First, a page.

hello how would i solve for $\displaystyle cos3\theta+cos\theta=0$
for values of $\displaystyle \theta$ between 0 and 360 degrees
Hello sigma1
sa-ri-ga-ma's solution is the easier method. He has used the fact that$\displaystyle \cos A = \cos B$has the general solution$\displaystyle A = 2n\pi \pm B$So, with the equation$\displaystyle 3\theta = 2n\pi \pm(\pi-\theta)$take the $\displaystyle +$ sign and $\displaystyle -$ sign one at a time; solve for $\displaystyle \theta$, and then plug in various values of $\displaystyle n\; (0, \pm1,\pm2,...)$ until you have all the values of $\displaystyle \theta$ in the range you want.
Grandad
Some graphs for sa-ri-ga-ma's solution.
$\displaystyle 3\theta={\pi}-\theta$
$\displaystyle 4\theta={\pi}$
$\displaystyle 3\theta=2n{\pi}+({\pi}-\theta)$
$\displaystyle 4\theta=2n{\pi}+{\pi}$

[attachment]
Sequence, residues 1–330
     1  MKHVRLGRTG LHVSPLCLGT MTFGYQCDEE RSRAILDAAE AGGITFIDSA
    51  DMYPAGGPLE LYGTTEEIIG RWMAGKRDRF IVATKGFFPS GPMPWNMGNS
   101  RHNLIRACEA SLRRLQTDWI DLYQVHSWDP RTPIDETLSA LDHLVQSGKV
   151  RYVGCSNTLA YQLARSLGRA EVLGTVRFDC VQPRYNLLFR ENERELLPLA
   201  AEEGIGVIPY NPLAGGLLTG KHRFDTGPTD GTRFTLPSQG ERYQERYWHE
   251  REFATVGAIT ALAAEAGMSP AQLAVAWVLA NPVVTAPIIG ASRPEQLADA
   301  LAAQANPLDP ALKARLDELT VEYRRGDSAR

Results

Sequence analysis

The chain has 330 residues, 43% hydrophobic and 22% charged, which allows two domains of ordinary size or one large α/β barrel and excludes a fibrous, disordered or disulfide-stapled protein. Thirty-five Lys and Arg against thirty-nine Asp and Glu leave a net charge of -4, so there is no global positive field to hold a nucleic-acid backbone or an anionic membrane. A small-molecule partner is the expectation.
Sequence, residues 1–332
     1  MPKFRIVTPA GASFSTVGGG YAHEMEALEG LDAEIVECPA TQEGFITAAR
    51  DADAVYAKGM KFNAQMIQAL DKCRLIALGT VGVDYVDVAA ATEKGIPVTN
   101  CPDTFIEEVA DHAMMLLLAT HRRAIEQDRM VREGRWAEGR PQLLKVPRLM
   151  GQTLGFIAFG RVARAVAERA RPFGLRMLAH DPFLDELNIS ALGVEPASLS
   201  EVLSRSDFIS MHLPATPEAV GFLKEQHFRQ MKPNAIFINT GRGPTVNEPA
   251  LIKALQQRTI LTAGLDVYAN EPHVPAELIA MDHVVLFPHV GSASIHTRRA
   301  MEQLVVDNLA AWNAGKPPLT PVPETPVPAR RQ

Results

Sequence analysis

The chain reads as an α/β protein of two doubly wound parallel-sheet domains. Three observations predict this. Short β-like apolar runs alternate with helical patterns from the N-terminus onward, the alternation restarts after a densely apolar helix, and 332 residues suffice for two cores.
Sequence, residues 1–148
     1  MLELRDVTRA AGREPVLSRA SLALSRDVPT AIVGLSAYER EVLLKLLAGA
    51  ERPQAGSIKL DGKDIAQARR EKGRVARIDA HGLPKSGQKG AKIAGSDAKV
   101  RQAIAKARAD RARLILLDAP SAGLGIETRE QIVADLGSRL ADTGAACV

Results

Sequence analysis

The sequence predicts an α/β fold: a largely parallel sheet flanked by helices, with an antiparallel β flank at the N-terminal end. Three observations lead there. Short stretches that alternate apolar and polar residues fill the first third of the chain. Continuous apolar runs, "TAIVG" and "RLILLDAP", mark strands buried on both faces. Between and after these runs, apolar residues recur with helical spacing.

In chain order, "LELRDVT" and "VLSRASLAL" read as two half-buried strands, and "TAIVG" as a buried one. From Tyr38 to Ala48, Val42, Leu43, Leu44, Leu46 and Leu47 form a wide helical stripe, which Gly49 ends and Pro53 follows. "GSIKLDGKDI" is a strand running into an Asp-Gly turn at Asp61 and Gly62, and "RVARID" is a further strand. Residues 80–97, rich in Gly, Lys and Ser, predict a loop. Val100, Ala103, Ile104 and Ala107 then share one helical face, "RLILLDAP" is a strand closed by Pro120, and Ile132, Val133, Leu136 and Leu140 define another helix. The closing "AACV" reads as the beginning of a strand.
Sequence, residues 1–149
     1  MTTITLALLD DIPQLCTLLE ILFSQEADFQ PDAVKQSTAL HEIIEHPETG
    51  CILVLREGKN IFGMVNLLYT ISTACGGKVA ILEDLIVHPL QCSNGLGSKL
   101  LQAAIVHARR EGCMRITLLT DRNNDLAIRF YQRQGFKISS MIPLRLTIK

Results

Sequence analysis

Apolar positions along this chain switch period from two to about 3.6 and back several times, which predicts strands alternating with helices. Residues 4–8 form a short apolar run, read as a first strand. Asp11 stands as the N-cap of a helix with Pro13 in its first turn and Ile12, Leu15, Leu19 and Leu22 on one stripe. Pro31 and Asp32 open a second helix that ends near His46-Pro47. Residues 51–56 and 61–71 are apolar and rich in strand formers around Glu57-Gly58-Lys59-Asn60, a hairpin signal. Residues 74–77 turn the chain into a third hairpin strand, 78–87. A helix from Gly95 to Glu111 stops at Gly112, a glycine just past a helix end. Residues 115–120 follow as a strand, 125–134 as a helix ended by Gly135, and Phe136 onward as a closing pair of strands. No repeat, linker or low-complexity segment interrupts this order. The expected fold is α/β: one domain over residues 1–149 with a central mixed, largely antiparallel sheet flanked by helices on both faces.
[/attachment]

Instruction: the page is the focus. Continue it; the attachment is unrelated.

there are three more solutions until the solutions repeat themselves.
$\displaystyle 3\theta=2n{\pi}-({\pi}-\theta)$
$\displaystyle 3\theta=2n{\pi}-{\pi}+\theta$
$\displaystyle 2\theta=2n{\pi}-{\pi}$
harish21 said "convert sine in terms of cosine" and you have not done that yet. Since $\displaystyle sin^2(x)+ cos^2(x)= 1$, $\displaystyle sin^2(x)= 1- cos^2(x)$ so this becomes
$\displaystyle cos^3(\theta)- 3cos(\theta)(1- cos^2(\theta)+ cos(\theta)= 0$
$\displaystyle cos^3(\theta)- 3 cos(\theta)+ 3 cos^3(\theta)+ cos(\theta)= 0$
$\displaystyle 4 cos^3(\theta)- 2 cos(\theta)= 0$
If you like, you can replace $\displaystyle cos(\theta)$ with "x" so you have the equation
$\displaystyle 4x^3- 2x= x(4x^2- 2)= 0$
Either x= 0 or $\displaystyle 4x^2- 2= 0$ which leads to $\displaystyle x^2= \frac{1}{2}$ so that $\displaystyle x= \pm\frac{1}{\sqrt{2}}= \pm\frac{\sqrt{2}}{2}$.
Now you need to solve $\displaystyle y= cos(\theta)= 0$, $\displaystyle cos(\theta)= \frac{\sqrt{2}}{2}$, and $\displaystyle cos(\theta)= -\frac{\sqrt{2}}{2}$.